When Jen Pelka invites friends over, she pops open some magnums and breaks out the waffle iron.
If weddings and New Year celebrations are the only moments in your life that call for Champagne, Jen Pelka might want a word with you. “For me, Champagne turns any moment into a celebration,” she says. “It can be a picnic or picking up a friend at the bus station. It’s just a really good way to turn up the volume on a good time.” To ensure that those good times keep rolling, Pelka took a radical step: Earlier this year, she opened The Riddler, a new Champagne bar in San Francisco’s Hayes Valley.
Pelka designed The Riddler to reflect her philosophy: It’s a high-low haven, with brass-trimmed tables and a glam marble bar, where vintage bubbly is as likely to be paired with pigs in a blanket as it is with caviar. “Our goal is to take Champagne off its pedestal,” she says. She packed the diminutive, century-old space with nods to the wines that inspired it. There are nearly 50 silver-plated and pewter Champagne buckets collected from flea markets and online auctions, and Pelka takes special care to choose a chiller that matches the personality of each guest. “I feel pretty strongly that we don’t just grab one off the shelf,” she says. “If there’s a woman who is very stylish, we’ll give her a beautiful hand-carved bucket with all these gorgeous inlaid flowers. But then, for a dude, I might choose something more restrained.” Even the name of the place is borrowed from one of the most important players in Champagne making. Since the 19th century, riddlers have been employed by Champagne houses to hand-rotate bottles each day, loosening sediment and capturing it in the neck so that the finished wine is crystal clear.
This process was pioneered in the early 19th century by Barbe-Nicole Clicquot—better known as the widow, or veuve, Clicquot—who revived her late husband’s flailing wine business and revolutionized the Champagne industry along the way. Pelka shares Clicquot’s entrepreneurial spirit; in addition to The Riddler, she runs Magnum PR. And, almost magically, her project caught the eye of more than 30 other talented industry women, ranging in age from 20s to 70s, who wanted to support her and invest in the wine bar. It’s entirely woman-funded. Pelka tapped sommelier Marissa Payne to assemble the wine list, which spotlights over 100 true Champagnes, an impressive selection of global sparklers, and a small number of still wines from California and France. (The latter focus on Pinot Noirs and Chardonnays, to stay true to the grapes of Champagne.)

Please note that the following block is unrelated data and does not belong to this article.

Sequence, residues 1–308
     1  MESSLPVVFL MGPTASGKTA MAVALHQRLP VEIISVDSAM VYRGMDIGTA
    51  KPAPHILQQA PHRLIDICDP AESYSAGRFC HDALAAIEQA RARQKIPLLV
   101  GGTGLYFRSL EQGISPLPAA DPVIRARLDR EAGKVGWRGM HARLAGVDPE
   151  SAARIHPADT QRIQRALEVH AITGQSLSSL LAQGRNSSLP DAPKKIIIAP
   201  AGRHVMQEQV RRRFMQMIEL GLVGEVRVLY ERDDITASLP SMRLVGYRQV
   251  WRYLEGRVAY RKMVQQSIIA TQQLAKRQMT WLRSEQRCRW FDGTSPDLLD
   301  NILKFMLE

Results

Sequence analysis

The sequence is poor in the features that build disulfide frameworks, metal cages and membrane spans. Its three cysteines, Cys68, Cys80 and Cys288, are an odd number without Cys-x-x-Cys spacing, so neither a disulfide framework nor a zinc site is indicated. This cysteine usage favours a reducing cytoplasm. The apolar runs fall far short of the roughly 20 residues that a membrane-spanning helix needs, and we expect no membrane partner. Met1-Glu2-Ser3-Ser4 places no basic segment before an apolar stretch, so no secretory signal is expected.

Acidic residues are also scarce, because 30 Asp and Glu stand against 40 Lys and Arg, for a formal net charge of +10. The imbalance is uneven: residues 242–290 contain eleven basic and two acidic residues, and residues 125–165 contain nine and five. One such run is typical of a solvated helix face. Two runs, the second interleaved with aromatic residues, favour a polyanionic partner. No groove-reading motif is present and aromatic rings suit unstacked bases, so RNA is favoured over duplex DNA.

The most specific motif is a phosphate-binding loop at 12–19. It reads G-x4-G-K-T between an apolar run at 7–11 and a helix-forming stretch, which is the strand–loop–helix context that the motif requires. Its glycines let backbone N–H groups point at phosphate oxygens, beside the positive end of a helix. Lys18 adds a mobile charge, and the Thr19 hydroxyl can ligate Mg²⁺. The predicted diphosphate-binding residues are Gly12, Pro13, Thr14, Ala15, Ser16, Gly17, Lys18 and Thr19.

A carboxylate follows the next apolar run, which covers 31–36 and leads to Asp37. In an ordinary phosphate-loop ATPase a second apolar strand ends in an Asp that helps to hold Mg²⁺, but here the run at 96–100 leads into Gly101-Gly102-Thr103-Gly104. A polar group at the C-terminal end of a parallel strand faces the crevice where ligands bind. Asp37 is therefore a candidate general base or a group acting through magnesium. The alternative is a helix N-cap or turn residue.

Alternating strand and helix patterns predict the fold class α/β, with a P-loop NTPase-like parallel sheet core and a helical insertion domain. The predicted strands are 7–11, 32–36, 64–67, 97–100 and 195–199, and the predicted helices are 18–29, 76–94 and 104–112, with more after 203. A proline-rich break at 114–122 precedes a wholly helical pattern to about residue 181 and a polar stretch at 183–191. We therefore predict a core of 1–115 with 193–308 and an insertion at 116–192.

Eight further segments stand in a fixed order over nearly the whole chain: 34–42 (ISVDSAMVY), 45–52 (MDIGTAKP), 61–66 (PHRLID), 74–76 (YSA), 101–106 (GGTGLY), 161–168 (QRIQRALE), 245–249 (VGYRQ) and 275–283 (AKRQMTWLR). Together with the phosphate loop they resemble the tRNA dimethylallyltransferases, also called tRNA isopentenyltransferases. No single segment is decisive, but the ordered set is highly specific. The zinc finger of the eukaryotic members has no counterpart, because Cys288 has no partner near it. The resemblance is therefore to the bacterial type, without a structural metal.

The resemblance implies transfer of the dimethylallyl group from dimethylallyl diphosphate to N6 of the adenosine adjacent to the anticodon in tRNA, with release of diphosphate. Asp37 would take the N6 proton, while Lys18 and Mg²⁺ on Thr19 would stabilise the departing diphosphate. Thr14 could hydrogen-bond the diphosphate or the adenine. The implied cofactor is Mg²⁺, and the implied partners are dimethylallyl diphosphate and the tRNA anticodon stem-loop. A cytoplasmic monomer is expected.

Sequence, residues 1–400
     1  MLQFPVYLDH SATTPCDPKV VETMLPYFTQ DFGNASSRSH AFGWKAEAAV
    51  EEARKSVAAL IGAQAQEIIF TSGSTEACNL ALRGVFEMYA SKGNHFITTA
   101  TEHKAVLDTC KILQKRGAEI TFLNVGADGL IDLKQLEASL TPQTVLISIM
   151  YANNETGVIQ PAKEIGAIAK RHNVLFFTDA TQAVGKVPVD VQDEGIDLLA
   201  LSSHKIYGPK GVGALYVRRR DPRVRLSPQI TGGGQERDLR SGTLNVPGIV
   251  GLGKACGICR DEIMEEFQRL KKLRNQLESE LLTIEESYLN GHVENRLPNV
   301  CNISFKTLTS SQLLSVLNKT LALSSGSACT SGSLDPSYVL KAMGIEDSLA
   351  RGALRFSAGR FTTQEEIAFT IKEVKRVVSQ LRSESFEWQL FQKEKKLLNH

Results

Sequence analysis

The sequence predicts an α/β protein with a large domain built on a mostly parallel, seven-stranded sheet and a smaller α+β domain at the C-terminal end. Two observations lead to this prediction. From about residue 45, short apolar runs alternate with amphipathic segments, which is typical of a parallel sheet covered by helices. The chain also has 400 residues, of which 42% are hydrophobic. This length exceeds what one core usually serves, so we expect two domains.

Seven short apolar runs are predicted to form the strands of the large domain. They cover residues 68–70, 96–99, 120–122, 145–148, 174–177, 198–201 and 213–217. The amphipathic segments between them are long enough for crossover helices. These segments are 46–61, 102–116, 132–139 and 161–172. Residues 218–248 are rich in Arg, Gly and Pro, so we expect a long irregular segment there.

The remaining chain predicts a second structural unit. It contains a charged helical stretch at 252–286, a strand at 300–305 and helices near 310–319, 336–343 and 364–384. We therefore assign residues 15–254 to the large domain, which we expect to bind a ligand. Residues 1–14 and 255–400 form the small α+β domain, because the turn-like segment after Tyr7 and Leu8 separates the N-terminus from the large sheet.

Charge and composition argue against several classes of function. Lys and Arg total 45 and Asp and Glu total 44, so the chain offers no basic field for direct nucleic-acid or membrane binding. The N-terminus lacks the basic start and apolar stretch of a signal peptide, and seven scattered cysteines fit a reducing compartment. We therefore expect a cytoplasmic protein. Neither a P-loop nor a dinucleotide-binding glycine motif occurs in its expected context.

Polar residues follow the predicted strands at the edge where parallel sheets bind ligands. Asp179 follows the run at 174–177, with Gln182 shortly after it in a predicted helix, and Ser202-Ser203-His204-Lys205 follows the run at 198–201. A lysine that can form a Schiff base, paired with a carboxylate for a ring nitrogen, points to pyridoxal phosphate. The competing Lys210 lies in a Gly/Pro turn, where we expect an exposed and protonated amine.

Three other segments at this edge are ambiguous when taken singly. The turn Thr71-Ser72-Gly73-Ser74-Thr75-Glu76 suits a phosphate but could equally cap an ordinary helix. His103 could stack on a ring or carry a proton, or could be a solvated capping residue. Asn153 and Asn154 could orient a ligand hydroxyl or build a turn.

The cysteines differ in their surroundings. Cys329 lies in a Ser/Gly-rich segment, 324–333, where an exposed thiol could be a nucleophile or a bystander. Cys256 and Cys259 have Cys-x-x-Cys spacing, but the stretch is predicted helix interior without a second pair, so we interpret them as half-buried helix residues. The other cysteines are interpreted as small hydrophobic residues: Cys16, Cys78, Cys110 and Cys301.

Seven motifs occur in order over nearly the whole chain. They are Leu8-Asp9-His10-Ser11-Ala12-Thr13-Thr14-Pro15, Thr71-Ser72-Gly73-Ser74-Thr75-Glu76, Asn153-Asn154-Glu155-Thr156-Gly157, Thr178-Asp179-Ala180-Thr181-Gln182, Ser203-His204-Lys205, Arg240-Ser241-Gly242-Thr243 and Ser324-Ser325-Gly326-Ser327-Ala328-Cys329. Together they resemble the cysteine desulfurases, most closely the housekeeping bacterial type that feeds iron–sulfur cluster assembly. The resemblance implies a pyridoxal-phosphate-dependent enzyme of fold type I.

To keep all that fizz in check, there’s the food. “I do love caviar with Champagne, but my absolute favorite thing to pair with it is popcorn. It’s like a pop and a pop…pops all around,” says Pelka, who installed a free, self-serve popcorn station near the bar, with 12 shakers of toppings that range from “Everything” (sesame and caraway seeds with garlic salt) to “Mexican Corn” (chipotle chile powder, lime and white cheese powder). “Another of the quintessential pairings with Champagne is French fries, but we can’t have a fryer in the restaurant. We can, however, have a waffle iron,” she adds. And thus,The Riddler’s signature Tater Tot waffle was born. The minuscule kitchen, led by Shannon Waters, serves them in cast-iron skillets, topped with things like smoked salmon with dill, crème fraîche and caviar, and soft poached egg with shaved truffles. As for those pigs in a blanket, they’re wrapped in buttery puff pastry and slicked with a honey-mustard–brown-butter glaze.
If this all sounds like the makings for a killer party, then you’ve got the right idea. To celebrate the opening of The Riddler, Pelka recently gathered some close friends for Champagne at her home, a few blocks from the bar. For the neighborhood fête, she and her fiancé, Charles Bililies—owner of Souvla, a Greek restaurant with three outposts in San Francisco—lugged home some of Pelka’s favorite ice buckets and a cache of etched crystal coupes, set up a DIY popcorn bar and got to work griddling Tater Tot waffles in their dining room. The bubbly flowed as freely as the conversation all evening. Dorothy Parker once wrote that sufficient Champagne was one of the least attainable things in life. Pelka is happily proving her wrong.
JEN PELKA'S RECIPES: